In an early indication of Ivanka Trump’s inability to reason with her father, the First Daughter arranged a meeting between Gore and the President-elect to discuss what was said to be one of her signature issues. Gore called the conversation “interesting,” but it clearly had little or no impact on Trump, who once called global warming a “Chinese hoax.” A month later, Bonni Cohen and Jon Shenk’s An Inconvenient Sequel: Truth to Power debuted at Sundance, in advance of a screening at Cannes and worldwide release, beginning in August. It received largely favorable reviews, if not the same commercial response. No one could accuse climate-change activists of having forgotten the importance of proselytizing the issue or writing off Gore’s mission as quixotic. Despite Trump’s backwards stance on the subject – supporting the coal industry, over solar and wind-generated sources – governments and corporate entities around the world have picked up the cudgel of progress and run with it. (For example, motorists driving from L.A. to Las Vegas can’t miss the the giant Ivanpah Solar Electric Generating System, just south of Primm.) An Inconvenient Sequel: Truth to Power delivers a wide-ranging, visually appealing exploration of where, exactly, the planet is now. Gore serves as a scientist, preacher and tour guide through everything from increasingly dramatic weather patterns – even before the current rash of hurricanes, fires and floods — to the changing attitudes among world leaders and the value of photographing the Earth from space. As such, Sequel delivers a slightly more positive and optimistic message. The Blu-ray arrives in “environmentally friendly” packaging, with a list of “10 ways to act on behalf of the climate” printed inside it. Other extras include the backgrounder, “Effecting Change: Speaking Truth to Power”; the Lyric Video, “Truth to Power,” by OneRepublic; and “Truth in Ten,” from Gore’s family farm in Tennessee.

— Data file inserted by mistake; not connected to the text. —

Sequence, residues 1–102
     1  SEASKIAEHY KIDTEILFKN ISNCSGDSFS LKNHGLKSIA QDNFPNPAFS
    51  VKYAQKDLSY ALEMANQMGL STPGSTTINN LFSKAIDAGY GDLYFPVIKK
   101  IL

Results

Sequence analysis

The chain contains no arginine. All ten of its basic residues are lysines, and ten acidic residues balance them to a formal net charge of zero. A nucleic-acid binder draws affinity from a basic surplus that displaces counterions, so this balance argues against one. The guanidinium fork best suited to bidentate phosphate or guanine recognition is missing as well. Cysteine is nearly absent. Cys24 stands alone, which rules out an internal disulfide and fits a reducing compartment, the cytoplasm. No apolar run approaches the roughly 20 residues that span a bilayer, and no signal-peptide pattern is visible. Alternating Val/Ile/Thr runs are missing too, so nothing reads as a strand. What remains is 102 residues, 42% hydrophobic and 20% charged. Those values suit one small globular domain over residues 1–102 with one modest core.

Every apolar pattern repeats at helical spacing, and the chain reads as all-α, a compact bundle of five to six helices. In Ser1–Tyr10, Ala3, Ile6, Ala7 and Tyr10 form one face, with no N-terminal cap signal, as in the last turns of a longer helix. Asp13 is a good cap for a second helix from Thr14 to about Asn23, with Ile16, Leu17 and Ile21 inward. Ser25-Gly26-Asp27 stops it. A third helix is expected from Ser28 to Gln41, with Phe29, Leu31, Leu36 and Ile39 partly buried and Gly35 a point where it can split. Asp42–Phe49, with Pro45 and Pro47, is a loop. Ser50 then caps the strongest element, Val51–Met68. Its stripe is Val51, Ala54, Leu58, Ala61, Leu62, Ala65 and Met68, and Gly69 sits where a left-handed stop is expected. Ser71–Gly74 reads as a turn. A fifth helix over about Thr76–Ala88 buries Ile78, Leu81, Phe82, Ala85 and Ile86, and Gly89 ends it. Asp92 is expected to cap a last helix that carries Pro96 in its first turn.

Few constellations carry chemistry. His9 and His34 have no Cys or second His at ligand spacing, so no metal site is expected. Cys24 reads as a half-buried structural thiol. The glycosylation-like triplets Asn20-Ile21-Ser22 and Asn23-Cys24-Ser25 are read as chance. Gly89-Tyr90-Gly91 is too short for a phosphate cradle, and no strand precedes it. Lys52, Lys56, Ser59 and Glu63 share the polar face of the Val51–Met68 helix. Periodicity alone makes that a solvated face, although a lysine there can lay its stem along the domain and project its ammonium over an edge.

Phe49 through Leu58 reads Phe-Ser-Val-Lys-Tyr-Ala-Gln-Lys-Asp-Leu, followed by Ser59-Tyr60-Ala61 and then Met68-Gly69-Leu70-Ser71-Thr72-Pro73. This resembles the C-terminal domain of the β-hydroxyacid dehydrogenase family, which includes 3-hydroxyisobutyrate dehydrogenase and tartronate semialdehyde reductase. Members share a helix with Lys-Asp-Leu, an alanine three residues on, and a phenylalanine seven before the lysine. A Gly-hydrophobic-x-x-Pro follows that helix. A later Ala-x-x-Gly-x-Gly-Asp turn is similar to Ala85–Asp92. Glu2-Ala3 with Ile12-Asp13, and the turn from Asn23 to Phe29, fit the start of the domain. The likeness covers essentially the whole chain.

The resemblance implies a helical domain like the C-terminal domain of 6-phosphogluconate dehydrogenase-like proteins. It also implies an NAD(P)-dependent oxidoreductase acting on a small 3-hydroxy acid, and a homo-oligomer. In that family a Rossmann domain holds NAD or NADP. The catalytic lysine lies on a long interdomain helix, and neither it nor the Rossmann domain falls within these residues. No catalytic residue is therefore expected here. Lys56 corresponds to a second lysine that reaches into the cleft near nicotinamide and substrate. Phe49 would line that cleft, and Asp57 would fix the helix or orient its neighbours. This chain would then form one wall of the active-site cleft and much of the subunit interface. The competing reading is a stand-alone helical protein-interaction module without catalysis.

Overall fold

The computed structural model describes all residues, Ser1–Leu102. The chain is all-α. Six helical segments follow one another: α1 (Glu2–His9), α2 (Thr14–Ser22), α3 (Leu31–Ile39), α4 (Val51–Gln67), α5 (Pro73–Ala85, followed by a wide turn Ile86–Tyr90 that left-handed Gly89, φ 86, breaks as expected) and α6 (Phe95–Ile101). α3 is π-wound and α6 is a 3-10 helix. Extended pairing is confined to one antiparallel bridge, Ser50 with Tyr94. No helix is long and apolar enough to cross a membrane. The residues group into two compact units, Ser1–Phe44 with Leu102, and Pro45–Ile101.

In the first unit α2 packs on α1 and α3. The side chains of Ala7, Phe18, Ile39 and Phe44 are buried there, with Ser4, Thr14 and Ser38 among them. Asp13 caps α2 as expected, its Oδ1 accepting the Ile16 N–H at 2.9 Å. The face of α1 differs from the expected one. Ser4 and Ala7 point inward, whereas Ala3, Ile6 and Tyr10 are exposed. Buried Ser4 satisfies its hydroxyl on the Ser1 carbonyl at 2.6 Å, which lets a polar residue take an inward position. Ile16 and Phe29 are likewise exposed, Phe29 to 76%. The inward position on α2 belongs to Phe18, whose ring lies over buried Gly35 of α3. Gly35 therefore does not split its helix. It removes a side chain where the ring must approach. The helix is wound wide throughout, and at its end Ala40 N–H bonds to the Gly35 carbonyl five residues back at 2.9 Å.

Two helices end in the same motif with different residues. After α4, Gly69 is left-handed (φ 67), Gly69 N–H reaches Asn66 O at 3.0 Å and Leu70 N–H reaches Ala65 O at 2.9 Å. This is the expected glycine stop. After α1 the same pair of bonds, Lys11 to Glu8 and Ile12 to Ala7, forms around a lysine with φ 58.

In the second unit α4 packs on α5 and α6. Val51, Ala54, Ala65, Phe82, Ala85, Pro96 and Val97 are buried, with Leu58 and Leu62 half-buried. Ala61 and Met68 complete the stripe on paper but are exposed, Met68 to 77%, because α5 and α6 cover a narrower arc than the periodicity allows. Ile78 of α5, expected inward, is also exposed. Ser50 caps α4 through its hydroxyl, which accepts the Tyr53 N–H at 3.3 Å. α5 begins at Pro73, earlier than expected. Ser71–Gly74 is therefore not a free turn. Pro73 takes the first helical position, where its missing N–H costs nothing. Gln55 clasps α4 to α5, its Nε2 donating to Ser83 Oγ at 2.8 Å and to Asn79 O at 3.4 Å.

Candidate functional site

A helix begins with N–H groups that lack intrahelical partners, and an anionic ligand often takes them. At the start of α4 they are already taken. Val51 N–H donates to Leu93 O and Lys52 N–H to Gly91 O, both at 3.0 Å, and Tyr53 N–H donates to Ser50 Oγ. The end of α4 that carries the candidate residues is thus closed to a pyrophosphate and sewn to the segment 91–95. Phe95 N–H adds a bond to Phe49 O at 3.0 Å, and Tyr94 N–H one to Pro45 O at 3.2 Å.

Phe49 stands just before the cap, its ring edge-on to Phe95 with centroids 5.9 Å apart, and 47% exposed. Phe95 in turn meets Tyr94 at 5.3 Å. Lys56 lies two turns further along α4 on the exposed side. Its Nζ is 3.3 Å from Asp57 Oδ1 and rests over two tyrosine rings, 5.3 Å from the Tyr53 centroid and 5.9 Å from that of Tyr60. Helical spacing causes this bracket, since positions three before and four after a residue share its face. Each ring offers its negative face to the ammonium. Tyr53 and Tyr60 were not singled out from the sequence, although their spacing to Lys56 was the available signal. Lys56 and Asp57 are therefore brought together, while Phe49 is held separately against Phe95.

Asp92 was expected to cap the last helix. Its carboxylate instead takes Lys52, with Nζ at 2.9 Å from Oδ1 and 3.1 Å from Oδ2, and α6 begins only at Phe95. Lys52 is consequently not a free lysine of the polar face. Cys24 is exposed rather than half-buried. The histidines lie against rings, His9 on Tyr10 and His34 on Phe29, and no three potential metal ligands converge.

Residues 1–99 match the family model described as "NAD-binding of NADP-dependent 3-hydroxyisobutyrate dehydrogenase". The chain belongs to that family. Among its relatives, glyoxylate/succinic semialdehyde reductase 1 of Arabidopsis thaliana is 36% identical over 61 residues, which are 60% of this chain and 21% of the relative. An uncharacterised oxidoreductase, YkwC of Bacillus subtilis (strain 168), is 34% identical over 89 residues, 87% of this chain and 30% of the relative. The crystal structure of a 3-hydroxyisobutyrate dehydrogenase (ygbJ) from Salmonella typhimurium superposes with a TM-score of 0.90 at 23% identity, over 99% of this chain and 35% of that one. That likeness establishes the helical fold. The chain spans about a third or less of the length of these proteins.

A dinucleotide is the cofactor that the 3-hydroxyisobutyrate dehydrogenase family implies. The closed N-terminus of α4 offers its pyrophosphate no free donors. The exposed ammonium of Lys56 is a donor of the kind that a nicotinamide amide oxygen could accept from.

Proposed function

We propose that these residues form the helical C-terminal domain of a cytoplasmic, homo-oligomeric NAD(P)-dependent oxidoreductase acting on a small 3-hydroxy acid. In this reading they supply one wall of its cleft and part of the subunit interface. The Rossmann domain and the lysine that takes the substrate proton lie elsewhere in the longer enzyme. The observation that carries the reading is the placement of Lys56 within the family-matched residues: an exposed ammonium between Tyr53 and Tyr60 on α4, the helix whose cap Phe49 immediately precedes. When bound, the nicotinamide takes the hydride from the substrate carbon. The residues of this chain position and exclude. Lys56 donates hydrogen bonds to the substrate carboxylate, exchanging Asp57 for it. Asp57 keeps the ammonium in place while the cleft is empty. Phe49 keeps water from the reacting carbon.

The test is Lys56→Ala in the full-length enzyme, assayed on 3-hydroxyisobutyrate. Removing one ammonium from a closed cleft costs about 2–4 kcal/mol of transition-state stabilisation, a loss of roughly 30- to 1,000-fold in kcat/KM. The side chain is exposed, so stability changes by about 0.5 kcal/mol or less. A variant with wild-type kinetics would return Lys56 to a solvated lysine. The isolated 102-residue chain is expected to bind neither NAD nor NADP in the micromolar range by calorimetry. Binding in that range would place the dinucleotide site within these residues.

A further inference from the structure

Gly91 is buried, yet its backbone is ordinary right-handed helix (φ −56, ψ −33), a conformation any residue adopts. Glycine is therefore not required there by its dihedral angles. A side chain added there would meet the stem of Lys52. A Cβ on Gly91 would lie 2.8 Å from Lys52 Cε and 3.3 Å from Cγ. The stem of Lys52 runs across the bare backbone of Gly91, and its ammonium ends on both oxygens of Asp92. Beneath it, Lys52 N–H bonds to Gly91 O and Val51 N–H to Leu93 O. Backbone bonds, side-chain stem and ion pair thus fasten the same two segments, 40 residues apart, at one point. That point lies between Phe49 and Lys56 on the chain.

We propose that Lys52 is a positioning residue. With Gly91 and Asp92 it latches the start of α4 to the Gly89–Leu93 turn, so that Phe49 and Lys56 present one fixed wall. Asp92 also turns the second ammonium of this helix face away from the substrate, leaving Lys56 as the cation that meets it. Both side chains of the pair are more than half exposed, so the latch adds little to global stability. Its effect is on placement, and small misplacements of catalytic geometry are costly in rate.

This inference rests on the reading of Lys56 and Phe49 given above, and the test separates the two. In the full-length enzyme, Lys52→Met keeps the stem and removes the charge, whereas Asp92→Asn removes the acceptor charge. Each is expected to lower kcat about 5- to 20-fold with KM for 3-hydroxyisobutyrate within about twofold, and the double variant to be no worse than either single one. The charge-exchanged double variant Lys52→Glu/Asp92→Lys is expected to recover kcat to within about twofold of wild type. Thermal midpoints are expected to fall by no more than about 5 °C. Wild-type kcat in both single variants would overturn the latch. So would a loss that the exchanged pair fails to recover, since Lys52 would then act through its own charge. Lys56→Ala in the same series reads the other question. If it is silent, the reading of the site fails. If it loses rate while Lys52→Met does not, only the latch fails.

The Good Catholic: Blu-ray